The town announced Friday via a press release that water from Well 6, located off Fruit Street, showed slightly elevated levels of regulated chemicals known as PFAs.
According to the Environmental Protection Agency, PFAs — per- and polyfluoroalkyl substances — are a group of of man-made chemicals that have been manufactured and used in a variety of industries around the globe, including in the United States since the 1940s. Some of the chemicals are very persistent in the environment and in the human body — meaning they don’t break down and they can accumulate over time. There is evidence that exposure to PFAs can lead to adverse human health effects, including liver, blood, thyroid, fetal development and immune systems effects.
In October 2020, the Massachusetts Department of Environmental Protection (DEP) adopted a strict drinking water standard, limiting the quantities of six specific PFA chemicals to no more than 20 parts per trillion. The Environmental Protection Agency, meanwhile, set the federal limit at 70 parts per trillion.
Samples from Well 6 collected in July detected PFA levels at 20.9 parts per trillion, while a follow-up test in August showed 20.5 parts per trillion, the town stated. The average of 20.7 is slightly above MassDEP’s standards.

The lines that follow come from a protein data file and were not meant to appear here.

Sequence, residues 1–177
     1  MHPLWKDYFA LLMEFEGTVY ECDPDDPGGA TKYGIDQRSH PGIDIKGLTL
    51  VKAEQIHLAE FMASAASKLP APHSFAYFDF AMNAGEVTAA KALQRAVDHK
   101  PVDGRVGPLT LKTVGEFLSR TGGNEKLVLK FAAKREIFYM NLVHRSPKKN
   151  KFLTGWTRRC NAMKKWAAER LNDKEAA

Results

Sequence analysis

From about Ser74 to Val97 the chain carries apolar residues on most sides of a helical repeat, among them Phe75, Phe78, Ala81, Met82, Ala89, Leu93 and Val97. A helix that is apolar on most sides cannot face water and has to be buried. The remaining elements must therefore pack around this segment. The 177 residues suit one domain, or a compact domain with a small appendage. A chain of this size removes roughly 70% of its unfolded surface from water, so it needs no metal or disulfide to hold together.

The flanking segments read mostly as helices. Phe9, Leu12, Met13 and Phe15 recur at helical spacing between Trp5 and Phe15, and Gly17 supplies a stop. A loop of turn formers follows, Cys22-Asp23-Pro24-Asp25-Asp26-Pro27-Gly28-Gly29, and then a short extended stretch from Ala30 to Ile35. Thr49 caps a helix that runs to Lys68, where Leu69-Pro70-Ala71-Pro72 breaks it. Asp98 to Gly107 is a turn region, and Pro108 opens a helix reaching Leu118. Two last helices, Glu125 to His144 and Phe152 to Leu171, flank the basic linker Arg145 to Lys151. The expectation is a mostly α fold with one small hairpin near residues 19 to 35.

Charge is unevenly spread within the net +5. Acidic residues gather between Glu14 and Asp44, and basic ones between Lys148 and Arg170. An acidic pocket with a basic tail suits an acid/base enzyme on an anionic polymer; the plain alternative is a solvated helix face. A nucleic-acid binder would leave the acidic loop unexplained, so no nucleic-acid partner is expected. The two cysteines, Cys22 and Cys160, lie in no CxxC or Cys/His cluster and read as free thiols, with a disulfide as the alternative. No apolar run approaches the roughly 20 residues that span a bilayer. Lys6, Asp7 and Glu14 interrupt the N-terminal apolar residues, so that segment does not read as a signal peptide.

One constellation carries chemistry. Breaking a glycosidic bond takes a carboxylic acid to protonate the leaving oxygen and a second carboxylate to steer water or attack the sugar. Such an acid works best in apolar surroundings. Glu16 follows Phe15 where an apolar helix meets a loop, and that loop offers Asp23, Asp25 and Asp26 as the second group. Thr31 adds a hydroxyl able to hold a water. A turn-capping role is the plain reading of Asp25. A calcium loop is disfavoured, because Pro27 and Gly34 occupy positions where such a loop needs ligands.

“While PFAs [have] been around for nearly half a century, we are just beginning to understand the possible adverse effects that these chemicals have on water supply systems and public health,” Town Manager Norman Khumalo stated. “Recently, government agencies have instituted aggressive regulations to combat the problem, which we believe are necessary to protect people long term. I encourage every resident and business owner to read the published materials so that you can understand PFAs chemicals.”
According to the press release, the town is investigating treatment options to mitigate the PFA levels.
“As a whole, New England is taking very aggressive steps to mitigate the levels of these chemicals and their possible effects on public health. We will continue to monitor the wells and take the appropriate actions,” said Water-Sewer Manager Eric Carty. “We are investigating corrective measures, and will keep the community informed of our progress.”
The topic is on the agenda for Tuesday’s Select Board meeting.